Are all forms of censorship are wrong?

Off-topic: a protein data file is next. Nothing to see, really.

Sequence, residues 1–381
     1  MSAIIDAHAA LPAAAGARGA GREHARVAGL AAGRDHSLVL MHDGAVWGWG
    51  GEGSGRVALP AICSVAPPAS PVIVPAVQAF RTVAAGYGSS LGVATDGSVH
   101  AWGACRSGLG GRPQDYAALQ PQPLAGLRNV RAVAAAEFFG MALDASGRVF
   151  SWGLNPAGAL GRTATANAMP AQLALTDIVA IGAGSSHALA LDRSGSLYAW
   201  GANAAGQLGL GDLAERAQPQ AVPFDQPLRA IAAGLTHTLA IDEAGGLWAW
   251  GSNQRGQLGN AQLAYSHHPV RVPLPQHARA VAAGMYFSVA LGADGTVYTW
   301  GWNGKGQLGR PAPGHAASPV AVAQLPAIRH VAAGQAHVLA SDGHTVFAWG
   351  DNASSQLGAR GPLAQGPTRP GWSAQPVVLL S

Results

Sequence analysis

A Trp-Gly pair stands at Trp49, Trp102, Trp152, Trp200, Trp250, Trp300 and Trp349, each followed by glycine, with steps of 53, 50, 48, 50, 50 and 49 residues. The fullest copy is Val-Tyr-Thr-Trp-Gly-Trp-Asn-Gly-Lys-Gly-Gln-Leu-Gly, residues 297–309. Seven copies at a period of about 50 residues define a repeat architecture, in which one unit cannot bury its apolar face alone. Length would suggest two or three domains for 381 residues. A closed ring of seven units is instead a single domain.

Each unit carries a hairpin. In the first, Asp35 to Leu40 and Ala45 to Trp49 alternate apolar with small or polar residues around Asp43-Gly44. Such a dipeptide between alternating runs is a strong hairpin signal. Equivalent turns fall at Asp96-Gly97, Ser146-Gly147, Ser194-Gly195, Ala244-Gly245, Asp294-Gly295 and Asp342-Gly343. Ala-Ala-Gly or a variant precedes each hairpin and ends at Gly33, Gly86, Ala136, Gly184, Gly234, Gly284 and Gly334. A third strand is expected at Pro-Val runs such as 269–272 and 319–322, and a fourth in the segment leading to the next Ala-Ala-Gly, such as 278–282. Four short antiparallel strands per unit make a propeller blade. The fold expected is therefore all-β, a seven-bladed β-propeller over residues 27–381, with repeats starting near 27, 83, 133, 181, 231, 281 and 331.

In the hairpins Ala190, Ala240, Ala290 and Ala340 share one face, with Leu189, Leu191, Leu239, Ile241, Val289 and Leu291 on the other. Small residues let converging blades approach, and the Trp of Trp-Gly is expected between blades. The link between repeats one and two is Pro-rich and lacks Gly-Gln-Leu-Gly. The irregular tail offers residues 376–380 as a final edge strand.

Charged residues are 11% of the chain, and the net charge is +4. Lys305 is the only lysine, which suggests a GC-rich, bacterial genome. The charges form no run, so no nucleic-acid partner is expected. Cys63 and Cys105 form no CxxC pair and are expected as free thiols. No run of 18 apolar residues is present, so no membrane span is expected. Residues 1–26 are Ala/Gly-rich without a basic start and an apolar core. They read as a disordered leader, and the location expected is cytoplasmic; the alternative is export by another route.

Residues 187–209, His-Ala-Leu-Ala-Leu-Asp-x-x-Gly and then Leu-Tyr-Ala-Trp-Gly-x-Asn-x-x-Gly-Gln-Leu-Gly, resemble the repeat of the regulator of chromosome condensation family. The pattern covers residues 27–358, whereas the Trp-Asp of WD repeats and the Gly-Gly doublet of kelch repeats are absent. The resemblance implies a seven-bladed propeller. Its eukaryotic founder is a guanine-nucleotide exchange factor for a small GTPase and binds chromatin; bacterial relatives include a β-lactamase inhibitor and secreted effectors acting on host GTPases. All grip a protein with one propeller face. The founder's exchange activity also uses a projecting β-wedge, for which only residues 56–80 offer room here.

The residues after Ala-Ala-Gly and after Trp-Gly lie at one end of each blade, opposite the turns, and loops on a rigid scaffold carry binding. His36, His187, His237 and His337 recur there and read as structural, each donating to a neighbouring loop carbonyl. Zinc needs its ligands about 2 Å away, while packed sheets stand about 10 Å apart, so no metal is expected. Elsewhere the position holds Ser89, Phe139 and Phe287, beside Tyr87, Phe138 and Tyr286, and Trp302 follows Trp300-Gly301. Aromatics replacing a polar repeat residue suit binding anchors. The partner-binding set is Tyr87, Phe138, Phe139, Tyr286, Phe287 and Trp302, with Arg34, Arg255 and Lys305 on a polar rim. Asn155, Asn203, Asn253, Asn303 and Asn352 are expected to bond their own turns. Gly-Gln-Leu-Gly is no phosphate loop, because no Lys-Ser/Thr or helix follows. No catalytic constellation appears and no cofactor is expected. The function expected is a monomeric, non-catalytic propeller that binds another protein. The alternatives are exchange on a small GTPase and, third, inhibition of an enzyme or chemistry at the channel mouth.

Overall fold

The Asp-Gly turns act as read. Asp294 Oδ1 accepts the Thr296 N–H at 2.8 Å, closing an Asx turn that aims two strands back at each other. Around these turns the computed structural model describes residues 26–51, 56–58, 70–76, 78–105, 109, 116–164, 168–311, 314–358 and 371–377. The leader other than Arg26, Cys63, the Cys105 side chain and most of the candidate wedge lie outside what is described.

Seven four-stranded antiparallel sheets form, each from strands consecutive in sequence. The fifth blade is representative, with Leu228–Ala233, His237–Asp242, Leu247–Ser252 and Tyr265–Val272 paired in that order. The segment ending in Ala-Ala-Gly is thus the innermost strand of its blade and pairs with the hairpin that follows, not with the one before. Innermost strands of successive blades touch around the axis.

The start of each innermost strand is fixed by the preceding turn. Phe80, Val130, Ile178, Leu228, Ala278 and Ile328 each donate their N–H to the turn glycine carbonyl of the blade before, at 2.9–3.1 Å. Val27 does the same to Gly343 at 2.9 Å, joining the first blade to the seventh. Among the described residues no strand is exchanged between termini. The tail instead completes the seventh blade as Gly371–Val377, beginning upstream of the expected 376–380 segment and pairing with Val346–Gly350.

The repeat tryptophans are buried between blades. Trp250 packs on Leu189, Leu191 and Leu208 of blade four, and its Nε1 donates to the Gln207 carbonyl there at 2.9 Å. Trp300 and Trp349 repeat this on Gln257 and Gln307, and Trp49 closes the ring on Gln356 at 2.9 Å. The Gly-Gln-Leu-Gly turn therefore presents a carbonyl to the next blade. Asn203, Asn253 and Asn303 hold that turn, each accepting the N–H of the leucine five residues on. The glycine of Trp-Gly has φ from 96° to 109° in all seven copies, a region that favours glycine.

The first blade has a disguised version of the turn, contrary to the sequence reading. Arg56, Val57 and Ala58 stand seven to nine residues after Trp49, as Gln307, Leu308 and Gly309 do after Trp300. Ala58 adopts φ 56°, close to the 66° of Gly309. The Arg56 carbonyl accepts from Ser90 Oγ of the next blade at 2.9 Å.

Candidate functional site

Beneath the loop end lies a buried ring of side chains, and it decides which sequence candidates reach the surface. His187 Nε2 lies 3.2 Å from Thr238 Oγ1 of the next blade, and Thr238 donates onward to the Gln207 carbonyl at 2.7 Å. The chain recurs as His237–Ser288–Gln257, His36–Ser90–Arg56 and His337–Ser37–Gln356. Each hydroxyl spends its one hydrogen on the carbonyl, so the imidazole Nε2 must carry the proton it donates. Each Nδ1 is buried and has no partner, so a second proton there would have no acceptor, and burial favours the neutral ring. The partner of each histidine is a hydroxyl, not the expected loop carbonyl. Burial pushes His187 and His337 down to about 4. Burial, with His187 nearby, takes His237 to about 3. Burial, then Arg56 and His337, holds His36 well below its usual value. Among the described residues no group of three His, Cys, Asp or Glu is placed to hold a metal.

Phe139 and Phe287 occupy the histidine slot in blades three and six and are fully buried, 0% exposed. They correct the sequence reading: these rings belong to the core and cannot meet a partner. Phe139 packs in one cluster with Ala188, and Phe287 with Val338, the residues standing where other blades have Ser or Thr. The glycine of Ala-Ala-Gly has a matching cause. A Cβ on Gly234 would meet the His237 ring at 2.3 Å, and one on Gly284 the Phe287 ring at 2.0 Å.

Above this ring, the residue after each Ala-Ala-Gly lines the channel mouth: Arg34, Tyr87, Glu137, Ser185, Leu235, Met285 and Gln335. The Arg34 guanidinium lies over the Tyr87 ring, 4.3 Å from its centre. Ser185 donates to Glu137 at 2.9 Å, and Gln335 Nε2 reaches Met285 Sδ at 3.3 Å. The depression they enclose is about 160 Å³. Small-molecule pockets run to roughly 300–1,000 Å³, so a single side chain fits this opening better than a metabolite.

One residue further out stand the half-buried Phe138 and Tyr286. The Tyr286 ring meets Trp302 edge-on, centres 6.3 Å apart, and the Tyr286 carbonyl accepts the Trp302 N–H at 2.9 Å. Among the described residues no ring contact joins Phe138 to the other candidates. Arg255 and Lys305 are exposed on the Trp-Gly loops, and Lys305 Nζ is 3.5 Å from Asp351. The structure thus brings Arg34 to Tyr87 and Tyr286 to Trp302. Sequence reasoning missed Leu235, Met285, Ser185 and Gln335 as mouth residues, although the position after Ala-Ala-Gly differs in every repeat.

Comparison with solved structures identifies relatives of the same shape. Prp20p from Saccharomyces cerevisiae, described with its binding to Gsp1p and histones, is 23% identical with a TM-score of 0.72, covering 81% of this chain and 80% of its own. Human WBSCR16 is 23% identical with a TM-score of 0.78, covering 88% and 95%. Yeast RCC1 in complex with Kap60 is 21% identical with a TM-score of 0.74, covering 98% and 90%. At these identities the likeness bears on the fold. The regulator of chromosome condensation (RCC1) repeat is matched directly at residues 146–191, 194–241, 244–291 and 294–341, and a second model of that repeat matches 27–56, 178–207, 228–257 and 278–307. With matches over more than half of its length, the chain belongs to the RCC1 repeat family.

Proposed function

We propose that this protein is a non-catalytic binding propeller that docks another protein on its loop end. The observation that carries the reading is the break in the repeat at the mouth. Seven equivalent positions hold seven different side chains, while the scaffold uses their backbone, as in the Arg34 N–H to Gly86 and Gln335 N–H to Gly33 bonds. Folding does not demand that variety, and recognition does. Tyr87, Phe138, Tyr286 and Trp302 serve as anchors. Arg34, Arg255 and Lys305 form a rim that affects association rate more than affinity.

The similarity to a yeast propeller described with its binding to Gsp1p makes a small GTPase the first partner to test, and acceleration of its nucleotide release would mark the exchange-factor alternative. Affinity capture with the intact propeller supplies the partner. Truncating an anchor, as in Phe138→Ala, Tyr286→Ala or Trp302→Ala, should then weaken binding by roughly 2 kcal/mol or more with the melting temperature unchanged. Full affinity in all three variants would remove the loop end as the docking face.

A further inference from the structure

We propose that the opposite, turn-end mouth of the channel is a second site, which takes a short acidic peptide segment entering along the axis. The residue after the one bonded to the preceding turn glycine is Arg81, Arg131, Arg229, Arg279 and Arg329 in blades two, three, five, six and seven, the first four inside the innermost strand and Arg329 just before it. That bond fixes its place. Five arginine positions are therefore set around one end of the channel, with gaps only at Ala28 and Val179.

The aim of this research is to analyse the role of censorship in the modern world and answer the question whether or not are all forms of censorship wrong. Henry Reichmann (Censorship and selection: issues and answers for schools) defines censorship as “(…) the removal, suppresion, or restricted circulation of literary, artistic, or educational materials- of ideas, images, and information –on the grounds that these are morally or otherwise objectionable in light of standards applied by the censor” (Reichmann: XXX). The issue of censorship has been widely discussed over the past years. Whether or not the media should be subject to censorship is a bone of contention among politicians but even ordinary people hardly ever stay indifferent when they are asked about their view on controlling the information and ideas circulated within a society. The opponents of censorship often argue that it is the hallmark of dictatorship. Such reasoning is not devoid of logic and reason. Many people have attempted banning others from reaching certain informations over the course of history. As early as in the year 213 BC the emperor of China, Qin Shi Huangdi, commanded that all the books which tackled subjects not considered practical be burned. The emperor did it for fear of criticism which might have been included in the books. (Philip Steele, Censorship). It cannot be denied that censorship is often used in totalitarian countries as a means of banning its citizens from inconvenient truths. Such was also the case during the Bejing 2008 Olympic Games when certain western websites could not be accessed from China. Indeed, censorship is often misused. However, before jumping to the conclusion that all forms of censorship are wrong one should consider a variety of daily life situations when the control exerted by the authorities over the mass media turns out to be beneficial. Censorship, however, is not always carried out by dictators and...
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